I have a confession: for the first three years of my college career, I was an active cigarette smoker. There was nothing more gratifying than a Camel Turkish Silver before a shift in the carpentry shop, after a long shift at work or really just anytime I needed to take a few minutes to breathe. While I’ve been clean for five months now, I can still respect a classy, considerate smoker exercising their right as an adult.
According to the Center for Disease Control (CDC), over 17 percent of adults from ages 18 to 24 years consider themselves as current cigarette smokers or people who smoke every day. At Southern Miss, there is an active smoking culture and many people who are occasional smokers (the I-only-smoke-when-I-drink excuse).
Most smokers are polite and stick to the predetermined smoking zones. But, there are a few rogues that I would like to address personally, as well as remind all active smokers of the proper etiquette of smoking on campus.
First off, be considerate of nonsmokers. This means don’t smoke in the doorways where nonsmokers have to walk through, don’t walk across campus and smoke and don’t light one up in the areas where nonsmokers congregate, like in the courtyard or the walkway by the Power House.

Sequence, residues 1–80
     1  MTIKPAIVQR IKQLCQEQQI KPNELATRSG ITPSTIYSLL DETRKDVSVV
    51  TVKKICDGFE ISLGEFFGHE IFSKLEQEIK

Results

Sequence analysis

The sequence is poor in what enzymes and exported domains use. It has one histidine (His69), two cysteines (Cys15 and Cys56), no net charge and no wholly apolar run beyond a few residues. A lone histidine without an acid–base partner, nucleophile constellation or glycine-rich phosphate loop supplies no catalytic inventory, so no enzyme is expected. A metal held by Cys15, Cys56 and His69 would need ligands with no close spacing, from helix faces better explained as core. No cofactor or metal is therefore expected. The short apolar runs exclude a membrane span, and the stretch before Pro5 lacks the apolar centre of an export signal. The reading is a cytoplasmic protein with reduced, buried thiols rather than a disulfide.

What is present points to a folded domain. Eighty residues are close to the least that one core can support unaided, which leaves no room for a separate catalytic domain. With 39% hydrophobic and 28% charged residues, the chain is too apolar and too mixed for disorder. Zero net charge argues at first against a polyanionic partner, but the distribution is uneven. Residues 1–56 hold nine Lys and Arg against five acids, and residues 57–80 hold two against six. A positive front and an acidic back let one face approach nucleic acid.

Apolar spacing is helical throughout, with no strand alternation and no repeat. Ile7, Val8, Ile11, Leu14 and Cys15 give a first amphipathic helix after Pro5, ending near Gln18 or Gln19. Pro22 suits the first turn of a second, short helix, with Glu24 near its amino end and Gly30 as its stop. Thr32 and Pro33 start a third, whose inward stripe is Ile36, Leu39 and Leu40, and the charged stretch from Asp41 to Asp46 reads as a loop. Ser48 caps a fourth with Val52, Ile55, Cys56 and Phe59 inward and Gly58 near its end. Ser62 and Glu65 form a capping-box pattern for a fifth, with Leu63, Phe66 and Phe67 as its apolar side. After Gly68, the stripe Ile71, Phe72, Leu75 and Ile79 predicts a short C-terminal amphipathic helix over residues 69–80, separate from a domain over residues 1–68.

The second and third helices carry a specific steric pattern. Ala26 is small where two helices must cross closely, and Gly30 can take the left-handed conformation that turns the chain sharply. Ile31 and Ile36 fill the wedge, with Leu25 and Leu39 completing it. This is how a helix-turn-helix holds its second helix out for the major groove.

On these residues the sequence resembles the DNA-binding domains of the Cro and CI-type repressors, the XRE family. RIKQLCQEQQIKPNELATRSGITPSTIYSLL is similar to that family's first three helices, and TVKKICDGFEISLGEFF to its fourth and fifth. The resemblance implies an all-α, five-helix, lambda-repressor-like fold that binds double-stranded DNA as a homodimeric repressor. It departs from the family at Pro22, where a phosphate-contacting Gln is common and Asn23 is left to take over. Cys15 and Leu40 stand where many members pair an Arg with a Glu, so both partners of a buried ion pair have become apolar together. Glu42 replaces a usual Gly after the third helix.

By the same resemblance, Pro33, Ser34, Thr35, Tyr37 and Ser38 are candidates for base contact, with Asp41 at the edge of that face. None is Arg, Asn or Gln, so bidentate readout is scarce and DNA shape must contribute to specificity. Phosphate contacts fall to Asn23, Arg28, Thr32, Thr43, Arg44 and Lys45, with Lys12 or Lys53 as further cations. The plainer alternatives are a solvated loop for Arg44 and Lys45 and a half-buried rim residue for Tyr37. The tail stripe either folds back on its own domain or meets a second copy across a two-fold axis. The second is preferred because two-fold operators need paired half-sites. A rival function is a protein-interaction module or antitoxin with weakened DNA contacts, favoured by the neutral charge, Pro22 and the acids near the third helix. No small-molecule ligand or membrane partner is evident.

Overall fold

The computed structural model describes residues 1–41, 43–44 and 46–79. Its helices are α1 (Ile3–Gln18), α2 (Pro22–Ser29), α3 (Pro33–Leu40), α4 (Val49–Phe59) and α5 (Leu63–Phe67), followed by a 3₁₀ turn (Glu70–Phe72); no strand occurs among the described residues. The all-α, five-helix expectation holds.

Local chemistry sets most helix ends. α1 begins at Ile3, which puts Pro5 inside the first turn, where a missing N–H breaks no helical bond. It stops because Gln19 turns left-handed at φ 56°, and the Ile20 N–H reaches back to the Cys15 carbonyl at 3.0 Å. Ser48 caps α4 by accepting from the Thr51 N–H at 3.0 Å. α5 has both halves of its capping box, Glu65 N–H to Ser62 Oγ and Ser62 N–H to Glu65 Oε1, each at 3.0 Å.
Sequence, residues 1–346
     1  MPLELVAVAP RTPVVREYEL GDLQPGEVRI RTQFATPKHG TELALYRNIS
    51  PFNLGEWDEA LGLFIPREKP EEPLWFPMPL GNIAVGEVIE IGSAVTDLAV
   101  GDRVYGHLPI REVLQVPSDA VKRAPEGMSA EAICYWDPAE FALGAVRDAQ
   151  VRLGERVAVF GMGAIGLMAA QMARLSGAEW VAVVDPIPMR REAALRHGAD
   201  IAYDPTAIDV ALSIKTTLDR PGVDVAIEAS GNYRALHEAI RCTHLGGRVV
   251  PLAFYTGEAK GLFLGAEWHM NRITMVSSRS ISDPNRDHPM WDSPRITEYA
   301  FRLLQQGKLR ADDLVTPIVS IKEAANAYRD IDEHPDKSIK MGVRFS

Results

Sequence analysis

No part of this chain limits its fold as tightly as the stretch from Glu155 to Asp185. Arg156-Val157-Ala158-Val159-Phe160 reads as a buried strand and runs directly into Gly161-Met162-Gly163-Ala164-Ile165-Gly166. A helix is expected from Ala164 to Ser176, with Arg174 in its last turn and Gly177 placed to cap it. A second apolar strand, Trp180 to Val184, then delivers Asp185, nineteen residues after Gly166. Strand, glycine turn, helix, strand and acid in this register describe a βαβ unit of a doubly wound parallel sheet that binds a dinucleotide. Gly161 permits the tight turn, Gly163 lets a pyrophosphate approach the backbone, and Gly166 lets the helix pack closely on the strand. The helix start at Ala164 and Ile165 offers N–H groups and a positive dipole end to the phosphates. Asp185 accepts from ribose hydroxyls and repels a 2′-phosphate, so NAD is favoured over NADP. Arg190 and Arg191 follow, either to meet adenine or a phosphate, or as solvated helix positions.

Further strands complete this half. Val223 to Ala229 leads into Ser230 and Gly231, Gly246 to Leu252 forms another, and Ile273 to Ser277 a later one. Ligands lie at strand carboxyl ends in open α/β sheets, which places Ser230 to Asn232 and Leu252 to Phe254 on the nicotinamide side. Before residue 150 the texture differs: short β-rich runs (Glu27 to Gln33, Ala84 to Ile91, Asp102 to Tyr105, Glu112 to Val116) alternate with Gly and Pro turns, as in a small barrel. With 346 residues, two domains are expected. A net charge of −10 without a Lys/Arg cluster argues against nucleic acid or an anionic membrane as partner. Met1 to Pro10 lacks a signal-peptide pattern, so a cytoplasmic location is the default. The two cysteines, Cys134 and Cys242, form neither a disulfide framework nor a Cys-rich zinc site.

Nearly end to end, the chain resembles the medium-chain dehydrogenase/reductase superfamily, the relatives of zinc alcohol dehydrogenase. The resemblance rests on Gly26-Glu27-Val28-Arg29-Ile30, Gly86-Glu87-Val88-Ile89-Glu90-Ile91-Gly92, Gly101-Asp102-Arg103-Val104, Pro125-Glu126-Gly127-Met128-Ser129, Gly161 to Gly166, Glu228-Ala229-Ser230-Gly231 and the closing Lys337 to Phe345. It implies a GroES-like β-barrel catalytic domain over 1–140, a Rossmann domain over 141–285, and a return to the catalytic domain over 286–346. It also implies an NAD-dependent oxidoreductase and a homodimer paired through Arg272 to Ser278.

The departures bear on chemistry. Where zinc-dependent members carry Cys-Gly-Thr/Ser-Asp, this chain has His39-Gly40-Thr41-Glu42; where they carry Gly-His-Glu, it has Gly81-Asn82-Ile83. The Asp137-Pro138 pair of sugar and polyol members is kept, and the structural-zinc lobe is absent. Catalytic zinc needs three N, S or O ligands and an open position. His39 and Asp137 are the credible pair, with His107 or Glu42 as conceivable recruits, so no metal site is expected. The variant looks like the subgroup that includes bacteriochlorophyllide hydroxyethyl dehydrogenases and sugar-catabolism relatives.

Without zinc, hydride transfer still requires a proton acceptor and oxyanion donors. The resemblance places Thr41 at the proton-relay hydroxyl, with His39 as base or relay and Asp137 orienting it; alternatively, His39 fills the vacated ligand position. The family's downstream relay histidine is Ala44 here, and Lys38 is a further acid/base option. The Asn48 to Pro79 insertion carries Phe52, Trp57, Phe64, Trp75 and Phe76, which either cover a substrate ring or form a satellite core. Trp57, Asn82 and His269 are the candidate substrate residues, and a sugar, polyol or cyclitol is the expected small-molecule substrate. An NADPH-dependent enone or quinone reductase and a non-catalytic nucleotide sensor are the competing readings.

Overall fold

If a nonsmoker is sitting with you while you are smoking, don’t blow in their face. In fact, if anyone is sitting with you while you are smoking, don’t blow in their face. This is pretty much the first commandment of polite smokers everywhere.
Dawn Kennedy, a senior history and foreign language double major, expressed her disgust with this faux pas. “I’m a smoker, but when people blow in my face, I’m just like ‘Excuse me?’” Kennedy said. “Don’t
Kennedy also shared about how she considers nonsmokers even after she is finished with her cigarette. “(When I go to class) I’ll pop a breath mint or spray some perfume. Don’t be offensive (to your fellow students),” she said.
Joycelyn McDavid, a senior history licensure major, agrees. “Some people are allergic,” she said. “Remember to be respectful.”
While consideration of non-smokers is important, acting neighborly to your fellow smokers is also necessary. Jess Shaidnagle, a senior theatre major, stresses the idea of what she calls cigarette karma. “If someone needs a cigarette, loan them one,” she said. “One day you’re going to need to bum (a cigarette), and it’ll come back to you.” Also, if you borrow someone’s lighter, give it back as soon as you’re finished. It’s common courtesy.
Now that I’ve properly berated the smoking population, I now would like to address the nonsmoking majority. Smokers are adults and can do as they please. Yes, smokers know that smoking isn’t healthy. You know what else isn’t healthy? An addiction to soda, overusing the word “like” and those late night Taco Bell runs.
“If you walk through the smoking area, don’t look at us like we’re demons,” Kennedy said. “Everybody’s got a vice.” Despite the upcoming non-smoking policy that USM plans to adopt, the smoking culture at Southern Miss remains strong. As far as the future goes, some smokers are preparing for the inevitable: a life without that cigarette in between classes or time spent casually smoking with friends.
Until then, stay classy, USM.